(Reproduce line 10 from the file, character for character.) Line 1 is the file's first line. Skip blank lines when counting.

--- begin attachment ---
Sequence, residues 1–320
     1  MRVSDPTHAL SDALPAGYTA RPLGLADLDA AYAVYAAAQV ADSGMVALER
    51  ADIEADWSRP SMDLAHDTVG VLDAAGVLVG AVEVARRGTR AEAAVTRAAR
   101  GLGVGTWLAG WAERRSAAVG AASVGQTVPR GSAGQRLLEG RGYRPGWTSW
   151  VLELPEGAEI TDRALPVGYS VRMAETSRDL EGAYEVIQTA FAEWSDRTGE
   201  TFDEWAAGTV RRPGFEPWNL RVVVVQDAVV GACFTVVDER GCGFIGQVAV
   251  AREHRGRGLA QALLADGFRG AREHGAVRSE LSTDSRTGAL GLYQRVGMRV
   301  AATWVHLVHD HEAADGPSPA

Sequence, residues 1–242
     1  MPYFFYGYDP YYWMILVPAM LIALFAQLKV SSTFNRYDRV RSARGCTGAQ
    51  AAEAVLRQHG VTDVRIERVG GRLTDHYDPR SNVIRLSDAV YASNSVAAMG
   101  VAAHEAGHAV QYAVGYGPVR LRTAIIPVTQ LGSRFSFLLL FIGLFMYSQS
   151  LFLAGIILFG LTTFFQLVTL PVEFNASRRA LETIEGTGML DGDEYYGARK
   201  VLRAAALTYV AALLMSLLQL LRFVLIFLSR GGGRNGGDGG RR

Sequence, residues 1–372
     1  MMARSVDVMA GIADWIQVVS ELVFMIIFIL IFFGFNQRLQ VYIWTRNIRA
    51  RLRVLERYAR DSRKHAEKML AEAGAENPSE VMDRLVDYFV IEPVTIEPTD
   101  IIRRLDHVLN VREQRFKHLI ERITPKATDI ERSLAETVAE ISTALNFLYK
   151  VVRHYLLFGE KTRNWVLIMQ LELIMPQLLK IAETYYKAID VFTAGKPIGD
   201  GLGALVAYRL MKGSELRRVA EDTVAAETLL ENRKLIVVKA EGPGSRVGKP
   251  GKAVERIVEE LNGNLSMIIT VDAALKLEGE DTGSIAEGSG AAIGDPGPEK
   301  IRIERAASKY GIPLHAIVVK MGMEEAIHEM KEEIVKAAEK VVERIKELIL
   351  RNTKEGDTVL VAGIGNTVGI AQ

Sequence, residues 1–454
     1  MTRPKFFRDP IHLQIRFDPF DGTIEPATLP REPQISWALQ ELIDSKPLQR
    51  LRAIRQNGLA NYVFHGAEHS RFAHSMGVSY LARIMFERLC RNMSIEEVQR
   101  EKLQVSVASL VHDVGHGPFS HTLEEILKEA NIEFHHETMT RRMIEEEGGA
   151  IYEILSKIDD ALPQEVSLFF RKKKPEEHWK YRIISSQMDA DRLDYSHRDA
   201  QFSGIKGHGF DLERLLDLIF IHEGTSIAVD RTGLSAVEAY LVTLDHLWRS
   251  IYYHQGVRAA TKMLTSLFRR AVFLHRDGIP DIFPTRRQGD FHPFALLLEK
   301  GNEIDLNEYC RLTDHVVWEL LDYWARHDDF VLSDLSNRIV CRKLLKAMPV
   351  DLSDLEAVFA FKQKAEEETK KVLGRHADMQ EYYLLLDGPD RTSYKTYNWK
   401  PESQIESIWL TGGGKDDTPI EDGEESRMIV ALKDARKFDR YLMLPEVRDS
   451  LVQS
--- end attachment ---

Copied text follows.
     1  MPYFFYGYDP YYWMILVPAM LIALFAQLKV SSTFNRYDRV RSARGCTGAQ